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First irrigation ditch in the Yakima Valley is dug at the Saint Joseph Mission in 1852.
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In 1852, Catholic Missionary Oblates of Mary Immaculate Father Charles Pandosy and Father Eugene Casmire Chirouse (1821-1892), in company with Yakama people, labor with shovels to dig the first irrigation ditch in the Yakima Valley. In time irrigation will so transform the natural sagebrush desert (an ecology known as shrub-steppe) that the Yakima Valley will become known as the fruit bowl of the nation.
Fathers Pandosy and Chirouse arrived in the Yakima Valley in 1847. In 1852, at the invitation of Yakama Nation Chief Kamiakin (ca. 1800-1877), Father Pandosy and Father Louis Joseph D’herbomez built the Saint Joseph Mission on the banks of Ahtanum Creek, which flowed through Kamiakin’s summer camping grounds. Father Chirouse, stationed at Holy Cross Mission on the lower Ahtanum, was a frequent visitor.
Kamiakin, his people, and the missionaries were on very friendly terms. Kamiakin brought his children to the priests for baptism into the Catholic faith, and many Yakamas followed suit.
The Yakima Valley, naturally composed of dry grassland, was sufficiently fertile even with only the average eight inches of rainfall per year to feed the indigenous people without irrigation for centuries. The desert plants that grew there were harvested in such a manner that they would re-seed themselves without cultivation. The crops were primarily roots and berries.
White settlers, including the missionary priests, were quick to dismiss the natural balance of this arrangement. They saw in the rich, porous soil the potential for a much larger output than was possible with only rainfall.
The Fathers and the Yakamas planted a small garden and irrigated it with the Ahtanum Creek water that flowed through their canal. They grew wheat and corn, along with melons, potatoes, and pumpkins. Chief Kamiakin particularly enjoyed walking through this lush oasis in the midst of the familiar sagebrush.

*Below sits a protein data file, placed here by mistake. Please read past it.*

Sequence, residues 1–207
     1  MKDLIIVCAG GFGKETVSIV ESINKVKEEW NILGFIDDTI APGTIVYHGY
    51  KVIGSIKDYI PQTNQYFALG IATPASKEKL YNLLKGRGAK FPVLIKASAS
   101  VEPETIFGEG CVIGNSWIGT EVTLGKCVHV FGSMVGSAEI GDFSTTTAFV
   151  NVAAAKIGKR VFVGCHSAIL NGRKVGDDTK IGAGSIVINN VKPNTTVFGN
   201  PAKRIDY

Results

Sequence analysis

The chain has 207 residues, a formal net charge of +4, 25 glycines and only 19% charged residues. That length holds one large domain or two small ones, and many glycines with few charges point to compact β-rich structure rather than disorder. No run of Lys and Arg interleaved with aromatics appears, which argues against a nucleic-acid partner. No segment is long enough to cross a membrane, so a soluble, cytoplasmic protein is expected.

The Yakama Indian War of 1855, however, put an end to this fledgling demonstration of the Yakima Valley’s farming potential. Both the missionaries and the Yakama fled the compound, which United States Army troops from Fort Vancouver burned to the ground.
Within two decades, first small and then much larger irrigation canals would be dug throughout the Yakima Valley, eventually irrigating 350,000 acres of orchards, vineyards, and farms.
Jan Halliday and Gail Chehak, Native Peoples of the Northwest (Seattle: Sasquatch Books, 2000), 181; Paul Dorpat and Genevieve McCoy, Building Washington: A History of Washington State Public Works (Seattle: Tartu Publications, 1998), 227; Ruth Kirk and Carmela Alexander, Exploring Washington’s Past: A Road Guide To History, Revised Edition (Seattle: University of Washington Press, 1995), 142; Workers of the Writers’ Program of the Works Projects Administration in the State of Washington, with added material by Howard McKinley Corning, The New Washington: A Guide to the Evergreen State (Portland: Binfords & Mort, 1950), 301; Cary Campbell, History of the Catholic Missions to the Yakama edited by Bishop Carlos Sevilla, S.J. (Ahtanum, Washington: Saint Joseph Mission, n.d.).
Note: The Kirk and Alexander account erroneously states that the Mission was originally called Sainte Croix. This essay was corrected on September 21, 2003.
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